Legalism is the worst feeling in the world. I know from experience.
Sadly, the pain of legalism doesn’t keep more people from embracing it.
A Quick(ish) Story:
One of the great oddities of my life is that I can’t remember anything before I turned five. I’m pretty sure that means I need therapy. My memories start at five. I have memories from church when I was five. I started playing Jr. Tee-ball when I was five. I remember going to my best friend, Kendrick’s, birthday party when I was five; but I don’t remember anything before then.
What I remember most about five was my kindergarten. I remember arriving early each day. My dad would drop me off on his way to work. I was usually the 1st student there. Everyday, I’d hop out of his 1974 yellow Ford Pinto (that car was ballin’!), and I would sit in the corner of the large playroom. As other kids arrived they would get out toys and play together, but I just sat in the corner, wedged between a large, worn, brown, particleboard bookshelf and an even larger counter.
I would sit there and sing songs to myself. Most songs I had learned in church: “Softly and Tenderly,” “Oh, Why Not Tonight,” “Just as I Am”, etc….I suppose I had a thing for “invitation songs”. But I never really engaged the other kids at school. I kept to myself and hardly ever played with anybody. Why? The kindergarten I went to was a “Baptist” kindergarten.
I had been taught – by the time I was five – that only the people who went to my church were real Christians. I knew at five that those “evil Baptists,” with their instrumental music, choir robes, and “pastors” – not preachers – weren’t the kind of people I was supposed to be around.
In fact, before my parents enrolled me in school, I overheard them “discussing” it, so I knew I ought to be concerned and prepared to not let the Baptists co-opt the purity of my faith. That Christmas as the kindergarten was preparing for the Christmas pageant, I was vehemently opposed – I said that too: “I’m vehemently opposed” (I had an advanced vocabulary for five). I didn’t want to participate in this unbiblical, man-made tradition. It was something “the denominations” did.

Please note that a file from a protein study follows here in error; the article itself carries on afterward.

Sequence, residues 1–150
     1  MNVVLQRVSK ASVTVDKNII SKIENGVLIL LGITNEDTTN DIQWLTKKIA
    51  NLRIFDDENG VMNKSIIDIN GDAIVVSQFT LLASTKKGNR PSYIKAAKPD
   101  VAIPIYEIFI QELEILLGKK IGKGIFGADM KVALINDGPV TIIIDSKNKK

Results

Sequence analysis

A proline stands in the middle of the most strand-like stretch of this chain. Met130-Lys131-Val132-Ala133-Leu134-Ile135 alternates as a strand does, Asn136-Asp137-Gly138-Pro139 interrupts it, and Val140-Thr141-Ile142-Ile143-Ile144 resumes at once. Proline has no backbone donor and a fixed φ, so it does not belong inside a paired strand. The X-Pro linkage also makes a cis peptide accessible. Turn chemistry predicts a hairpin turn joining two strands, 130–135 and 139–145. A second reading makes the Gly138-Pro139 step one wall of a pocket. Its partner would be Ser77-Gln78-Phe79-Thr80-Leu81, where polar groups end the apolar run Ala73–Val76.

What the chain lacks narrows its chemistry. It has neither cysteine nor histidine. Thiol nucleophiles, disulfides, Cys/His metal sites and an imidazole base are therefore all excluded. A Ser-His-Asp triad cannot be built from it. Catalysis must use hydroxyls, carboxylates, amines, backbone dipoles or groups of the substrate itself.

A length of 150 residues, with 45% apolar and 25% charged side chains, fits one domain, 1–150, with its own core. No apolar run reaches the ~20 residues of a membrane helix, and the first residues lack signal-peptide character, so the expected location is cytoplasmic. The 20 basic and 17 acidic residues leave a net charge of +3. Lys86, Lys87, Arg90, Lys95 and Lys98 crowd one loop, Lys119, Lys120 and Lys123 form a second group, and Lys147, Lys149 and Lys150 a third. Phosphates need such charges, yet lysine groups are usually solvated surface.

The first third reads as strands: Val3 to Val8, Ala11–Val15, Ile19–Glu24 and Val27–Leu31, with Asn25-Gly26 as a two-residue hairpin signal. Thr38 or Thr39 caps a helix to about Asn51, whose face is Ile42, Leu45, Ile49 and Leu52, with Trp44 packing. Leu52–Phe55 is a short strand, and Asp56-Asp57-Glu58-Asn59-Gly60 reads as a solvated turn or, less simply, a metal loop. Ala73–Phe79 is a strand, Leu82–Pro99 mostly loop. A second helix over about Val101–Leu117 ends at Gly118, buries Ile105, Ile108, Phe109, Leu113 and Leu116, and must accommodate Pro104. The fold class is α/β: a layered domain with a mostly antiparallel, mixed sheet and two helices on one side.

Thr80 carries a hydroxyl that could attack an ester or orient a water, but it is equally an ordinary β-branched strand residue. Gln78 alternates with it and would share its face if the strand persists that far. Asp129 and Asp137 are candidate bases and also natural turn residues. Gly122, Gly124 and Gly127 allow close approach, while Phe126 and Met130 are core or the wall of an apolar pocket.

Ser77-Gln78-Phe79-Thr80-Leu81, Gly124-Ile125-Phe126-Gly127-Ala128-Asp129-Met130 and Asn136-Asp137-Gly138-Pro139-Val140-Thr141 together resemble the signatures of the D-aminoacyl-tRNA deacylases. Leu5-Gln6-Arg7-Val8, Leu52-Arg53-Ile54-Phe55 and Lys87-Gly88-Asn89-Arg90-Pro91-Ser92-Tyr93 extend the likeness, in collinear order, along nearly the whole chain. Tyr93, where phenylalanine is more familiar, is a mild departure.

My parents forced me into it – obviously because they were not as devoted as I was.
By the time I was five, I had become a hard-core, dyed-in-the-wool sectarian. At five, I was a Jr. theologian. I had figured out how it all should work. As a child, there was no way for me to know how childish that was.
What Happened To Me
Along my religious path, someone convinced me that my religious performance determined my position before God. Looking back at the years I wrapped legalism around me, I can now see why I was so personally mean-spirited and sour. Legalism makes you that way.
Once you’ve chosen the path of deciding the propriety of everyone’s Christian practice, you only know two kinds of people, friends and enemies. Your friends are those who hold to the same, precise understanding you hold and your enemies are everyone else. People with lots of enemies are always mean!
You know legalistic people. To the legalist, everything is a “purity test.” And though they’d never say so, they secretly need you to pass their test before they will free their hearts to love you. When you can’t or you don’t, they’ll either sit in the corner or lodge a vehement protest.
What I didn’t know at five and what many of my legalist friends don’t know is legalism never draws people nearer to God! It pushes them away. Whether it’s Church of Christ legalism (my roots), Calvinists legalism, Neo-Reformed legalism, or the legalisms of liberal theology, it’s all a pitiful attempt to control God.
We think we can control how God feels about us by doing or not doing something written on a made up list we carry in our hearts. God will love us more or love us better or grant us particular blessings because we’ve untwisted the mysteries of God like some eternal Rubick’s Cube.
Legalism is the David Blaine of spiritual experience. It appears as if something mystical is occurring, but down deep we know the levitation is optical illusion. If, like me at five, we believe that certain acts and particular orthodoxies and doctrines can help us earn God’s favor, we might as well carry a lucky rabbit’s foot.
Legalists, you are free to protest everything by standing in a busy college quad or from behind the pulpit of a macho-mega-church and scream about your fixed, determined, pre-ordained doctrine, but please know that most of us who have traveled your path realize your religion is the Siegfried & Roy of spirituality…only with more sequins.
Rest assured in this: God’s love for you (and me) is as locked and certain as anything ever has been or could be – whether we get the acts, orthodoxies, and doctrine right or not. Jesus will love us when we are good and when we aren’t; when we are right and when we are wrong.
There’s nothing we can do about that, praise God.
If you’re living in a narrative that tells you God’s love for you is contingent on your performance, you’ve been told a lie. There is not a scripture in the Bible where Jesus tells us that God only loves us when we get it all right.
God loves you, just as you are, not as you might be some day.
Sean Palmer is Lead Minister at The Vine Church in Temple, TX. Read more from Sean at The Palmer Perpsective (www.thepalmerperspective.com) and follow him on Twitter: @seanpalmer.